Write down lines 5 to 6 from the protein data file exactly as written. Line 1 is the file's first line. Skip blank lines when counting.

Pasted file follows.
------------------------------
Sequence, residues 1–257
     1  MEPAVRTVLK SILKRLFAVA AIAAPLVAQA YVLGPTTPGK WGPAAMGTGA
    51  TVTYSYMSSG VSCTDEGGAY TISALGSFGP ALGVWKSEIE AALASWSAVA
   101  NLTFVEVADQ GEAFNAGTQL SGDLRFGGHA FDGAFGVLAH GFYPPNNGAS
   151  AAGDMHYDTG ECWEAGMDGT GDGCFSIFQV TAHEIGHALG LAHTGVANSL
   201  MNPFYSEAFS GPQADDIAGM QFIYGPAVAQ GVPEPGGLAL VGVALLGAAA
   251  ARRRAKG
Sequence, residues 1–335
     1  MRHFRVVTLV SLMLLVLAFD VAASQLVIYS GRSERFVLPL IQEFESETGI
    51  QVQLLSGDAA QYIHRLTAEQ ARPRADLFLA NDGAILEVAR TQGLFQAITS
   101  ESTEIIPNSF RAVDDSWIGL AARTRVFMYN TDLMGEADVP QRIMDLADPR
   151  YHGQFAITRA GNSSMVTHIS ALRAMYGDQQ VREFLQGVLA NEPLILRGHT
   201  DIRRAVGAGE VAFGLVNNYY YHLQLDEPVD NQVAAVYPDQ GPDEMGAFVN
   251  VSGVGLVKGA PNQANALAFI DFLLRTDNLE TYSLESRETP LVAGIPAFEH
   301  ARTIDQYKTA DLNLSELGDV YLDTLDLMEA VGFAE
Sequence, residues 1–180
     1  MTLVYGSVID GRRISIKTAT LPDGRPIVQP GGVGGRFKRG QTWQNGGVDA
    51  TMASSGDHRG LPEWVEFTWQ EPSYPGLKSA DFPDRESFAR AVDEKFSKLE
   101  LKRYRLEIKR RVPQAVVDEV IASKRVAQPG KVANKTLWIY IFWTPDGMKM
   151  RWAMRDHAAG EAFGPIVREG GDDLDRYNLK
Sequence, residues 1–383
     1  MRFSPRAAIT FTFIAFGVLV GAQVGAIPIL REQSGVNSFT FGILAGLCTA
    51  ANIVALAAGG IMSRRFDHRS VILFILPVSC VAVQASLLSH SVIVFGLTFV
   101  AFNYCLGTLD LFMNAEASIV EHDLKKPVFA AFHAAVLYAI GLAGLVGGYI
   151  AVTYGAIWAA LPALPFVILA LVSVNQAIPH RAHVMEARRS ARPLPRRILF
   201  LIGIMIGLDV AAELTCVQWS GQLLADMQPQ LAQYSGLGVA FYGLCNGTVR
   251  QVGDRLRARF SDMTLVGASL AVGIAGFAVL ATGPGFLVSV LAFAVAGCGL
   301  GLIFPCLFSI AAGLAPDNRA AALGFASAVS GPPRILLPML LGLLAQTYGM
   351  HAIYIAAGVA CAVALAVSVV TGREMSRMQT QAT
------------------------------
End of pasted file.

   151  AAGDMHYDTG ECWEAGMDGT GDGCFSIFQV TAHEIGHALG LAHTGVANSL
   201  MNPFYSEAFS GPQADDIAGM QFIYGPAVAQ GVPEPGGLAL VGVALLGAAA